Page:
Parrots develop close bonds with their owners, showering them with love and affection. Unfortunately, that can turn sour due to jealousy and envy, leading to possessive behavior and tantrums.
Parrots get jealous due to the strong bonds they form. Most parrots are monogamous, capable of feeling love for one special animal or person.
This imprint will start at an early age and grow stronger with time. It could lead to the parrot’s jealousy of the owner’s partner, another pet, child, other birds, or toys.
Jealousy increases a parrot’s aggressive, hostile, destructive, and self-harming tendencies.
Do Parrots Feel Jealous?
Parrots are often compared to human toddlers.
Without your constant care and attention, they can feel neglected. So, a common trait they share with toddlers is jealousy, so your parrot may throw tantrums when feeling scornful.
A parrot’s envious behavior can sometimes resemble how it behaves when stressed or lacks one-on-one attention. Of course, it’s easier to determine jealousy when directed at various people or animals.
You can assess the parrot’s jealousy by introducing it to other animals and humans and monitoring their reaction. However, parrots may direct their anger at the person, causing them to feel jealous.
Signs of Jealousy in Parrots
You can recognize when a parrot’s jealous without putting anyone in harm’s way. Behaviors include:
The parrot may stand up straight and alert to confront or attack someone it dislikes.
Flared Tail Feathers
The tail will be flared when feeling angry.
Parrots will crouch and flap their wings briskly to make themselves look bigger and more threatening. Larger parrots, such as cockatoos, are prone to this behavior.
A parrot will pace around the person it dislikes as intimidation. This is to monitor the person or animal that might get too close to its favorite human.
Parrots use sounds to communicate their positive and negative feelings. Excessive screaming and squawking are how many parrots voice their dislike for other people.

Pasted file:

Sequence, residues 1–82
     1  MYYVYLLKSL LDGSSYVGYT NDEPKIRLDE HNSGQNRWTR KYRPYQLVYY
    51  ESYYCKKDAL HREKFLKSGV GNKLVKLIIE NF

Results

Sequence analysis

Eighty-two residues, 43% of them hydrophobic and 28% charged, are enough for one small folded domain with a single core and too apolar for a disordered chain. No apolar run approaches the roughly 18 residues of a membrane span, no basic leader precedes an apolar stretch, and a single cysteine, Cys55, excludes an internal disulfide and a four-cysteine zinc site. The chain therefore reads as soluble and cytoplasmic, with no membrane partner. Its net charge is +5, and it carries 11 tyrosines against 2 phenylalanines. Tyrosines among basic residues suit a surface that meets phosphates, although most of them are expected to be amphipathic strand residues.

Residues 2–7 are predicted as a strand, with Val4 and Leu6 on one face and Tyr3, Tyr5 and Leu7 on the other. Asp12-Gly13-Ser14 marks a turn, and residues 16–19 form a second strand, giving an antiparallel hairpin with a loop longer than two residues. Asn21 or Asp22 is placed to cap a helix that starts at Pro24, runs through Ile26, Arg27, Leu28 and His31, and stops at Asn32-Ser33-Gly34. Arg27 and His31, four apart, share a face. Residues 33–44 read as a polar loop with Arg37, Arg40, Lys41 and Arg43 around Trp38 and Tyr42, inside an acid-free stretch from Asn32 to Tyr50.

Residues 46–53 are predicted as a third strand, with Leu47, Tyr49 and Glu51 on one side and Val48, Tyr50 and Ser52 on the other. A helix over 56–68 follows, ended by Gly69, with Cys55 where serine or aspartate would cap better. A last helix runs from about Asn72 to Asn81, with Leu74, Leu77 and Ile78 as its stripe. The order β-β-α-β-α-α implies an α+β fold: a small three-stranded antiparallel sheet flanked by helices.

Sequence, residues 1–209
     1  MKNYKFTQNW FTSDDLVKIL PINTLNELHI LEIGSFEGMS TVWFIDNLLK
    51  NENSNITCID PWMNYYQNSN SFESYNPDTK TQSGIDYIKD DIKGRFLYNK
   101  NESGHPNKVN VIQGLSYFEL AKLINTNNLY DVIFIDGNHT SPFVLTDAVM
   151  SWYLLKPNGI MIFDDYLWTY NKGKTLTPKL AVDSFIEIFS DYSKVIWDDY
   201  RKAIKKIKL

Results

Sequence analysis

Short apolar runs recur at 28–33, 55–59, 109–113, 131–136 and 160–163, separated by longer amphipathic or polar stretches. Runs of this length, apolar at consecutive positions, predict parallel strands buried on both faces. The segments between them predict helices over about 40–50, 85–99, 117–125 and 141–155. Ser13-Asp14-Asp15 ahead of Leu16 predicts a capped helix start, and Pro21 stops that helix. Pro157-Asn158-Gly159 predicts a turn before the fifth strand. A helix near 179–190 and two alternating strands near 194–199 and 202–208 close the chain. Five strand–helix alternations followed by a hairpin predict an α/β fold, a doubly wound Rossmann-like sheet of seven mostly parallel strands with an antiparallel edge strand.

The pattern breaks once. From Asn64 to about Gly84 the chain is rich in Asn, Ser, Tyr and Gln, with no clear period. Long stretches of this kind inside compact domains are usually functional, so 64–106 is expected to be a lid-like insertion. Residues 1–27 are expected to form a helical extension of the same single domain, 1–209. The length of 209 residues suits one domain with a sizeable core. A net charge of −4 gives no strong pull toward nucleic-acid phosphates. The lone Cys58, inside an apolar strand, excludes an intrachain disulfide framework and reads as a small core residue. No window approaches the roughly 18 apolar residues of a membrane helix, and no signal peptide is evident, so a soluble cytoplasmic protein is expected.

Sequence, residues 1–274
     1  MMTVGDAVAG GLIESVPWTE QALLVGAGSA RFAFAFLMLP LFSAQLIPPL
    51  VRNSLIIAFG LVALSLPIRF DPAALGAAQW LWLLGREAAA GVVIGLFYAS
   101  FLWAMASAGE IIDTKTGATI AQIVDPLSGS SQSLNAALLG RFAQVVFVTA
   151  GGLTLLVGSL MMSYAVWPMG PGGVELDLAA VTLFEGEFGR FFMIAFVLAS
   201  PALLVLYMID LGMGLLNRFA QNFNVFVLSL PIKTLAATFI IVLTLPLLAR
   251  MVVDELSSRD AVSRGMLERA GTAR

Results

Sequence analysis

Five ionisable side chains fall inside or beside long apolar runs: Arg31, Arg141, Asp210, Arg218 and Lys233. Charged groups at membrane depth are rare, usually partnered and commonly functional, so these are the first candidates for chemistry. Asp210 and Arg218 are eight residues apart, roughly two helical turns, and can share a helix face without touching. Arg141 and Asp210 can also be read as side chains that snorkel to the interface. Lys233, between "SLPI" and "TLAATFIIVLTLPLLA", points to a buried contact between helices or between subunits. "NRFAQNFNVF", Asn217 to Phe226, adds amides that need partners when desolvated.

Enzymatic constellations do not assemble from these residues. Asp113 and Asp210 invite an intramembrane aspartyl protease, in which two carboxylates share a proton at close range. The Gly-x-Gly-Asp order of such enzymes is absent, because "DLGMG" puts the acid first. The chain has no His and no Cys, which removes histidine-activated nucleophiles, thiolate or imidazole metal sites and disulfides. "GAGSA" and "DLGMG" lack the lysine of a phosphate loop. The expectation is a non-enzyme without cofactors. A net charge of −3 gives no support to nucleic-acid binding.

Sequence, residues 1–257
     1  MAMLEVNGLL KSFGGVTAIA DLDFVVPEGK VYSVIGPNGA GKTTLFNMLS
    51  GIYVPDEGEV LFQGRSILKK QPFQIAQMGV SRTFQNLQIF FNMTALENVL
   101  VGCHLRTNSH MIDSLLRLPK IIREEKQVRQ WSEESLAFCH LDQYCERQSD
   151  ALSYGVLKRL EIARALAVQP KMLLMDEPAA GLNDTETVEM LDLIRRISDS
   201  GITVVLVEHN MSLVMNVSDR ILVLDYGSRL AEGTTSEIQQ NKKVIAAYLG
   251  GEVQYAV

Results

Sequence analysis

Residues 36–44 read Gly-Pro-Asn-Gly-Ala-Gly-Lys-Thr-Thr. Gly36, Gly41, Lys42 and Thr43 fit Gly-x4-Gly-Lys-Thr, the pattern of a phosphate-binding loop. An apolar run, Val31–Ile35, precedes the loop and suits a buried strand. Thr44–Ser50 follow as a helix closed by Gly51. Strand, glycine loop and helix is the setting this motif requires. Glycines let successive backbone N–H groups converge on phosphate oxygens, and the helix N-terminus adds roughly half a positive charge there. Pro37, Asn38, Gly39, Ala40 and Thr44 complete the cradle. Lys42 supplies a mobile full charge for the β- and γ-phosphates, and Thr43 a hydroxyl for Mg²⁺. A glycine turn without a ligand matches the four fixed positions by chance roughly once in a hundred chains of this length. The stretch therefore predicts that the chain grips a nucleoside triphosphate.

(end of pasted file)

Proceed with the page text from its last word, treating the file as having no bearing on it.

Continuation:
More relaxed parrots will hide behind their owners when the person or animal it’s jealous of moves closer.
Talkative parrots will warn their owners by saying their name or words it considers hostile.
A parrot may fly about to get the owner’s attention. Flying also shows the person that the parrot dislikes who is in charge of that territory.
Why Do Parrots Get Jealous?
Parrots are affectionate with their owners, but the closeness of the bond can lead to jealousy. Other pets get jealous, but seldom to the same extent as parrots.
There are various theories as to why that’s the case:
The first theory posited is parrots’ intelligence and their ability to pair bond.
According to the National Academy of Sciences, parrots have a similar number of neurons in their forebrain as primates. Monogamous primates can grow jealous to the same extent as humans.
This indicates that complex feelings of envy are present in intelligent animals. If parrots are capable of developing emotions that are non-instinctual, jealousy is to be expected.
Another study looked at how the early breeding method influenced parrots as adults. In Applied Animal Behavior Science, the behavior of the following parrots was observed:
Hand-reared parrots were fed and raised by humans from the time they were born. These birds were much more aggressive and selective than those caught in the wild or cared for by their parents.
Scientists believe the domestication of parrots is responsible for their problematic behavior as adults.
Dependency on Humans
Wild parrots are cared for by their parents after they hatch. However, they’re left to fly around and forage when the time is right.
They eventually mate and have a family. While the parental bond between parrots and their chicks is still there, the pair’s bond is much stronger, especially before the female lays eggs.